“My life was changed when I saw a therapist,” says Adams, 30. A Stanford graduate with a master’s degree in engineering and a professional background in venture capital, Adams never expected to be the founder of a mental healthcare startup. His own experience dealing with depression in therapy, however, led him to launch New York City-based Headway in 2017 as a matching tool for patients and therapists. After working on it a year and a half, Adams realized the greater problem was that so many people simply couldn’t afford professional help. Many therapists (Headway claims 70%, based on its own 2018 survey) don’t take insurance. To up that number, Headway built software that handles billing and administrative support. Patients then have access to a free directory of therapists they can actually afford. The company says that three quarters of the therapists who signed on in New York City, its first market, did not previously take insurance. Headway makes its money by getting a cut of the insurer’s reimbursement. “Therapists get to say yes to people they would typically have to say no to, patients are able to spend $20 instead of $200 for a session and insurance companies are actually saving money with more people seeing therapists,” says Adams.
Think of Hyperscience like a digital assembly line for forms, humming behind the scenes. Brodsky wants to not only automate his customers’ menial business processes, like reviewing mortgage applications or disability claims, but also continually improve and update them over time without human intervention. His startup, headquartered in New York with a technical office in Sofia, Bulgaria, now helps customers like TD Ameritrade, Fidelity and the state of California. “There’s something very surprising about the fact that you could be a better bureaucrat . . . and that leads to lives saved,” says Brodsky, who cofounded the business after attempting to automate away his own job running an engineer team at SoundCloud. “That’s the maximum impact you could ever possibly hope to have.”
When Sanish Mondkar, former chief product officer at SAP, left his job in 2015, he traveled around the country with his two dogs, talking with people outside of Silicon Valley. The result: In 2016, he founded Legion Technologies, a workforce management software company that helps employers like Dollar General, SoulCycle and Philz Coffee (its first customer) oversee their hourly workers. “There is no innovation targeted at these hourly workers,” says Mondkar, 48. Redwood City, California-based Legion uses artificial intelligence and machine learning to help its customers forecast demand and optimize their labor costs, while taking into account employees’ preferences for when and how they work. “Most employees quit these jobs because of schedule conflicts,” he says. “The goal for the algorithms is to prioritize both sides.” With increased attention on workforce issues during the pandemic, Legion revenues are expected to more than double this year, to $11 million.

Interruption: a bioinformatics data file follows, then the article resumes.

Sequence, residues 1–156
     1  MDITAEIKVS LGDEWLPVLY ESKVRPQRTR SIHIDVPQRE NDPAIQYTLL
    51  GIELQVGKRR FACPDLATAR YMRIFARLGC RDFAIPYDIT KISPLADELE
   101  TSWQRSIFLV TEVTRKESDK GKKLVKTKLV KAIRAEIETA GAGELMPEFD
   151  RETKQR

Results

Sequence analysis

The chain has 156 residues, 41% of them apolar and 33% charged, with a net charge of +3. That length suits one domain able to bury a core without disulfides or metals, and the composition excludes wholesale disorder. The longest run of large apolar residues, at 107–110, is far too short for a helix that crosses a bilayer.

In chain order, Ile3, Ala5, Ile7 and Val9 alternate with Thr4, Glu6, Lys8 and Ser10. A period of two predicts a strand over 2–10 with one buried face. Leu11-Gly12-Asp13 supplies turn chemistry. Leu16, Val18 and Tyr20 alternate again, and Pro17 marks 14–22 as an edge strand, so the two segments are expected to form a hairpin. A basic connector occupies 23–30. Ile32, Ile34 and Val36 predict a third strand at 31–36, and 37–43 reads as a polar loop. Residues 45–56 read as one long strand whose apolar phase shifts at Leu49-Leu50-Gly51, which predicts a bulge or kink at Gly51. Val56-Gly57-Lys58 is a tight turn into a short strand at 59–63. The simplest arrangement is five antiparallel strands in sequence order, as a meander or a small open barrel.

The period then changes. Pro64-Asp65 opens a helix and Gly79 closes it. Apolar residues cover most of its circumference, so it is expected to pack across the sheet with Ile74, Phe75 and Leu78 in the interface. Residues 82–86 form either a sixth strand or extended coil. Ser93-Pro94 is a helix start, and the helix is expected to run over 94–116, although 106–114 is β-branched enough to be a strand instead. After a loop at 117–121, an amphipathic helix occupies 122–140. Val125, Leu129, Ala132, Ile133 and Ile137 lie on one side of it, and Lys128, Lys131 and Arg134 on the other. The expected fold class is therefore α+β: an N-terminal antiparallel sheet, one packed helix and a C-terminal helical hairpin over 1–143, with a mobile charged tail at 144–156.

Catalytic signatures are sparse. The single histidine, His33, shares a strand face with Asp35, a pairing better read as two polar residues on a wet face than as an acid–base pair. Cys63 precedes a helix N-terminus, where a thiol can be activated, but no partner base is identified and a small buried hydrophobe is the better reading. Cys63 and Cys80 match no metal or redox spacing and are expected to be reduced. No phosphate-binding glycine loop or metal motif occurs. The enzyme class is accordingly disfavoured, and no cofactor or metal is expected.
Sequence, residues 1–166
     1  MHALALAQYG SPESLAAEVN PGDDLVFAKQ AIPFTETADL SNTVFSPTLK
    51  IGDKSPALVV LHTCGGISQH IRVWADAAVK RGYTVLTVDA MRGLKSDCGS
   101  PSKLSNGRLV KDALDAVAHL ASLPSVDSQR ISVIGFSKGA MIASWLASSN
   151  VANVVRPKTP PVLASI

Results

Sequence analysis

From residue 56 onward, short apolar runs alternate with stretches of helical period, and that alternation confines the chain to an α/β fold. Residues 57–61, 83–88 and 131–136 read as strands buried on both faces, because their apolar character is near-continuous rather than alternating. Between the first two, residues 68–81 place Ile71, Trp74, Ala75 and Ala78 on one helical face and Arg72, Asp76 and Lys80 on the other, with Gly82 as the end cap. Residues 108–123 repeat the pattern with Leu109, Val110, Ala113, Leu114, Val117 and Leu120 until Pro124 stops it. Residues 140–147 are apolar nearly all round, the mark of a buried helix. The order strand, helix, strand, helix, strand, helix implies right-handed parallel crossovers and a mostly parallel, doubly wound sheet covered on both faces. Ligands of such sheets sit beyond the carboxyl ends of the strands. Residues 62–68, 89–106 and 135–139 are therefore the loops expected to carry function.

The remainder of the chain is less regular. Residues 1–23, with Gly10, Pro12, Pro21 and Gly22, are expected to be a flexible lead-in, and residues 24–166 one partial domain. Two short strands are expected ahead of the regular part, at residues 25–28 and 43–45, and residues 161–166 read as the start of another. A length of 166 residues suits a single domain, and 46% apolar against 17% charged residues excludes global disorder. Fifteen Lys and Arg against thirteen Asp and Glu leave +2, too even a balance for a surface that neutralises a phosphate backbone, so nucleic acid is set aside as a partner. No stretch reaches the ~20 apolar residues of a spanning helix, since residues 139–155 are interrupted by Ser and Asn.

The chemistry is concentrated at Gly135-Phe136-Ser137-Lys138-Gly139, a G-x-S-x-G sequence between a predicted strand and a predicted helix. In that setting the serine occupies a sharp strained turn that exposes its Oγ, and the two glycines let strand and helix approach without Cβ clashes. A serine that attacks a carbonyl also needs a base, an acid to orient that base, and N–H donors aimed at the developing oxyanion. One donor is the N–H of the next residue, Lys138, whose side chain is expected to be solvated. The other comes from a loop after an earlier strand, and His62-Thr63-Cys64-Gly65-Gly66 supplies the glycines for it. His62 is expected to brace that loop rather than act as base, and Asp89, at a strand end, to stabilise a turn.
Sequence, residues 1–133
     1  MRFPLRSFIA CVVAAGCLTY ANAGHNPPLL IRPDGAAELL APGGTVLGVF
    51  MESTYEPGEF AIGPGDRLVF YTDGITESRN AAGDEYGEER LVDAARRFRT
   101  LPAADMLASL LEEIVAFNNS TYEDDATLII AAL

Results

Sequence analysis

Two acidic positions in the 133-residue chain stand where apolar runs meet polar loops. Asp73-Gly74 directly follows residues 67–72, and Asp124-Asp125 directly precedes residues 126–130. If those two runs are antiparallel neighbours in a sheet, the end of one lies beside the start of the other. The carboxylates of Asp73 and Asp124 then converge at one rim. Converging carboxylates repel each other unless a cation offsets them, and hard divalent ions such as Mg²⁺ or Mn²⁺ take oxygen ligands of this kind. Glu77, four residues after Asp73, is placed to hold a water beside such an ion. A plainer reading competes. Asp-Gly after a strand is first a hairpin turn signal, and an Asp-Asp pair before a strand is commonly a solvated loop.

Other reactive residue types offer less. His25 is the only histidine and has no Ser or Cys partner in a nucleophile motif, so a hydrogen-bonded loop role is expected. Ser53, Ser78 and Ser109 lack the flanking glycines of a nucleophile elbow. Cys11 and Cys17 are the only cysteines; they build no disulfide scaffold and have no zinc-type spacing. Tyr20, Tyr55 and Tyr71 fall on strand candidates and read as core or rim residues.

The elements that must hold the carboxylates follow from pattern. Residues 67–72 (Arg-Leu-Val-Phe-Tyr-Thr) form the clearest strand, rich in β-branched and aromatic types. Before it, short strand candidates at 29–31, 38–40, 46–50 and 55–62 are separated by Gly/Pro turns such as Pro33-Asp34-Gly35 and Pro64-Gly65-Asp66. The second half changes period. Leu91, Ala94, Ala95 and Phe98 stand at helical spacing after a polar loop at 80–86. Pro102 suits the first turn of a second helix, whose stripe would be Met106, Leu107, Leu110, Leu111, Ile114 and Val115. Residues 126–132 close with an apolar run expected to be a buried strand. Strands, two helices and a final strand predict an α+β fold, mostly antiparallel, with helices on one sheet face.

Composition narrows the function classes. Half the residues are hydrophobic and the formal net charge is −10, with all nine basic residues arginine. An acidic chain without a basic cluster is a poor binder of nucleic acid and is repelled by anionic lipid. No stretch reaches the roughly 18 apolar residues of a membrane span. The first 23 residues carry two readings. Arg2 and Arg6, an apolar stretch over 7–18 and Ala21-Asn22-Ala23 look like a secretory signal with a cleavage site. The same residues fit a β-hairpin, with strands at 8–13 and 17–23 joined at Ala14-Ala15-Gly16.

Filip Victor, 30, arrived in the U.S. from Poland via the U.K. to go to school at the University of Pennsylvania. Almost immediately, he started thinking about how hard it was as an immigrant to access financial services, rent a car or book an Airbnb. In 2015, he founded Mati to solve the problem of online identity verification by aggregating dozens of data points. Today, the San Francisco-based startup focuses on customers in Mexico (its first market) and Latin America, where its customers include bitcoin exchange Binance and fintech Creditas. Next up: expansion to Indonesia, India and Africa. “In the U.S., people like me are called ‘thin file,’ and while it’s not trivial, it is still a minority,” Victor says. “When you look at countries like Mexico, India and Nigeria, it is over 90%.”
By building websites more like mobile apps, where a developer may cherry-pick from a variety of integrations and APIs, they can be set up faster, safer and cheaper. That’s the basic idea behind Netlify, the San-Francisco based startup cofounded by high school buddies Biilmann, 45, and Bach, 43. Netlify’s technology lets developers configure the front end of a website and implement a variety of back-end APIs that already exist to build better sites at ten times the speed and significantly lower cost. Netlify’s customers include tech giants Twilio, Peloton and Shopify, as well as individuals building personal hobby sites. Biilmann, a Danish immigrant, says Netlify’s biggest challenge was getting Web developers to think differently. “We had to convince the world that this architectural shift was something really valuable,” he says. “When we started, there was no nomenclature in decoupling web UI from back-end business logic. We had to build that concept.”